On the cloud side, HP is launching HP PartnerOne for Cloud, aimed at partners who can help customers build hybrid cloud solutions that bring together private, public and managed cloud deployments. HP joins other major vendors, including Microsoft, IBM, Amazon and Google, in trying to build hybrid capacity in the channel. (See this feature from the April issue of RCP for a roundup.)
HP is also adding what it calls the HP PartnerOne Cloud Reseller Specialization. The label will supports partners who resell HP Public Cloud, HP Managed CloudSystem Matrix and cloud services from HP PartnerOne Service Providers.
Posted by Scott Bekker on March 27, 2014 at 12:02 PM0 comments
In a week, Microsoft is going to release Office for iPad. Or it won't. It's rumor at this point.
One of the themes for now, however, is the "controversy" that Microsoft would be releasing a touch-first iPad version of Office before releasing a touch-first version of Office for the Surface.
The argument goes that Microsoft is somehow throwing Surface under the bus by prioritizing iPad for Office.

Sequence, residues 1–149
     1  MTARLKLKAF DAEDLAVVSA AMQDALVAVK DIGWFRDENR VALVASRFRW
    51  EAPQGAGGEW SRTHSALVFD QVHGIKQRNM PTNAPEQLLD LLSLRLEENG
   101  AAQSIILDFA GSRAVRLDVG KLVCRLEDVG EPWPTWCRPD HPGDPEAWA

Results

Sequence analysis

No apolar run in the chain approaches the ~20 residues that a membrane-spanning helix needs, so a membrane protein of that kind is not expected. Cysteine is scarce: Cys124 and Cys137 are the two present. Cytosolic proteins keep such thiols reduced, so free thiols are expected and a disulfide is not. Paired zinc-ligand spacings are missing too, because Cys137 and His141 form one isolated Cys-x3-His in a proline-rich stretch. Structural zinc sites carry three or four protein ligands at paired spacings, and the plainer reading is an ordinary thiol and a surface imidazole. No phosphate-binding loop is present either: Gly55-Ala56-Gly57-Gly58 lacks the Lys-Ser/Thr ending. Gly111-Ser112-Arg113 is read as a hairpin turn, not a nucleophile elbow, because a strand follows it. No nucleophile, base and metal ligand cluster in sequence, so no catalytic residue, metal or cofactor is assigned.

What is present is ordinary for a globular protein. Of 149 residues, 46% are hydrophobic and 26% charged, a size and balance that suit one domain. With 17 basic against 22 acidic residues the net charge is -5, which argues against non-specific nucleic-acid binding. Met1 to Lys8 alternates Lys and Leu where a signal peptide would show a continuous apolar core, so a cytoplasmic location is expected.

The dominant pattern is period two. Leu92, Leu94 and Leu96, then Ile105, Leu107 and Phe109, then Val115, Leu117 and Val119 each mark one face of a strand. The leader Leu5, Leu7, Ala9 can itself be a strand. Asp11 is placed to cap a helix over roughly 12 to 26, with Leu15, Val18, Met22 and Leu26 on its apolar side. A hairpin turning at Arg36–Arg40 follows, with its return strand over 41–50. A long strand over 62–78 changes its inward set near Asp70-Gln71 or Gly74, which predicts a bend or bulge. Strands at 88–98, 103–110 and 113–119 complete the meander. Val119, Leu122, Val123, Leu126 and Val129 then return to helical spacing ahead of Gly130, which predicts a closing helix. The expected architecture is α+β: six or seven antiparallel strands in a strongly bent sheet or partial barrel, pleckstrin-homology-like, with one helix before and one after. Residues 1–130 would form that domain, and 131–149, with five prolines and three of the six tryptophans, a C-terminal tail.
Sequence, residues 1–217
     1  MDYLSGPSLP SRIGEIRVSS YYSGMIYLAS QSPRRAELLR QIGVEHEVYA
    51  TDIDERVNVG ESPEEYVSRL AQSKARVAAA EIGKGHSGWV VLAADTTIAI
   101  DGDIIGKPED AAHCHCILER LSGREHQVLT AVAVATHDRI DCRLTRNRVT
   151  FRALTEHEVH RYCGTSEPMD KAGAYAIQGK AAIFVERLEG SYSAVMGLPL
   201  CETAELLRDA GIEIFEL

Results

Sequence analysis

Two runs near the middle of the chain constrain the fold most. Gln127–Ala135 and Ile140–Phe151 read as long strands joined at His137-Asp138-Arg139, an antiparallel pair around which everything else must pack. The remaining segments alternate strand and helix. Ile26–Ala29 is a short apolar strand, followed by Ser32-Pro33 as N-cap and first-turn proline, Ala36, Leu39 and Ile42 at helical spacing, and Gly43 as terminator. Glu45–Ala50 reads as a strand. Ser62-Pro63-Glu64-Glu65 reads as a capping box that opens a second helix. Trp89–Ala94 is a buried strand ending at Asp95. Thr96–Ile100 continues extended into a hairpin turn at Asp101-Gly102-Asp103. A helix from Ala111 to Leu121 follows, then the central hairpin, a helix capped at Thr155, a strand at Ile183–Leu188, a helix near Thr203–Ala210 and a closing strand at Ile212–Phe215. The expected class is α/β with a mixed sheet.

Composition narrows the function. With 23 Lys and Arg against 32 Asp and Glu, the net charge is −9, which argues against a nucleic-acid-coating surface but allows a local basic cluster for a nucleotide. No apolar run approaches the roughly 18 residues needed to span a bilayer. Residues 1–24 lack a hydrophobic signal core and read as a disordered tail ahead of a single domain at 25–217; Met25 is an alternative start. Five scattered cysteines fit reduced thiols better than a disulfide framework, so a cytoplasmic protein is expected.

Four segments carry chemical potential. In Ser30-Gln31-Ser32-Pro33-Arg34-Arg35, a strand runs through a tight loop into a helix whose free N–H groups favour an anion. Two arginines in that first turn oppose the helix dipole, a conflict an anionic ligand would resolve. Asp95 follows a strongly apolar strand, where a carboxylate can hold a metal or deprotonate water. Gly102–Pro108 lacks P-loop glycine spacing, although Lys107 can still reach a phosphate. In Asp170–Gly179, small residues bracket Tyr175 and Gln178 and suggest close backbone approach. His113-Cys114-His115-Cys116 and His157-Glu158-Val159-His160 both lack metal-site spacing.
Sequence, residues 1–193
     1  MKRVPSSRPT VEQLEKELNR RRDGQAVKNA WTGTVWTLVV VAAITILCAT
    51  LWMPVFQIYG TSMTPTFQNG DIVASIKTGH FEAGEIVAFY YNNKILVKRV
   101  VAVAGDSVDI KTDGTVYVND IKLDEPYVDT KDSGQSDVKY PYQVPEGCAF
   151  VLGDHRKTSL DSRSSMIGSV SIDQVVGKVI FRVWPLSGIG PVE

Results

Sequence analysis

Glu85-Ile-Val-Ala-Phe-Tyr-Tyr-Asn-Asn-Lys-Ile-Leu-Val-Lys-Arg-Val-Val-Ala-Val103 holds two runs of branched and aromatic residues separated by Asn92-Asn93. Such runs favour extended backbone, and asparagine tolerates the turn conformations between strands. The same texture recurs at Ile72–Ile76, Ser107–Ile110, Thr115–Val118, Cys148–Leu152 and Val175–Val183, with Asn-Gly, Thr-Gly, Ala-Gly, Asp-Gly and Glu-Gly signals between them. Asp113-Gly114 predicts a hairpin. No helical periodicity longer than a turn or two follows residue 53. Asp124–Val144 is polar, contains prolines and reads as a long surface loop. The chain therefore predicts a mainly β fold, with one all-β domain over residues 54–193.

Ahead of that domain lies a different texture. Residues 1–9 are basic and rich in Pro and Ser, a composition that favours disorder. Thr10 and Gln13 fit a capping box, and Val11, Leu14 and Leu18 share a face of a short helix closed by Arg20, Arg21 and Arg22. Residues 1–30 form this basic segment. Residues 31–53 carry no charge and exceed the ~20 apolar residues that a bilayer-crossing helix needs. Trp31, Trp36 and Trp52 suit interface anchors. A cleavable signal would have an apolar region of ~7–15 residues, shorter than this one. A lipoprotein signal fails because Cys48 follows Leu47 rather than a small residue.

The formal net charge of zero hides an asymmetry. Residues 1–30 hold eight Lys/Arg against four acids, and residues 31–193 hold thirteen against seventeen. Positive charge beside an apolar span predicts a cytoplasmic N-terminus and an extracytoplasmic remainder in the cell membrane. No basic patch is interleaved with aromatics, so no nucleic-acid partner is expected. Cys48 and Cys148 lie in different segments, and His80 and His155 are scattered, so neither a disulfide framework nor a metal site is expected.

This is a clear case of missing the forest for the trees. One of the core design goals of the Surface RT and Surface 2 was to make them work with Office. With Surface, you got full-featured versions -- better than any touch-optimization workaround for the productivity challenges of a tablet. Office is the whole reason the somewhat kludgey desktop appears at all in the RT version of Windows 8. And the whole Surface device, with its click-in keyboard, was built, basically, to be a tablet that runs Office extremely well.
Could Microsoft make a more touch-optimized version of Office for Surface eventually that improves the experience? Sure, but it's silly to say the company is prioritizing the iPad in any way on that.
Now, what's the long-term differentiator for Surface if iPad has Office, too?
Well, that's a much tougher question. But I'm still not sure that much is changed for Surface if Microsoft finally starts grasping for the Office-on-iPad revenues that it's been leaving on the table all these years. Surface is already decidedly not setting the world afire with sales. The strategy of keeping Office exclusive demonstrably did not work, and that's been clear since long before this iPad decision.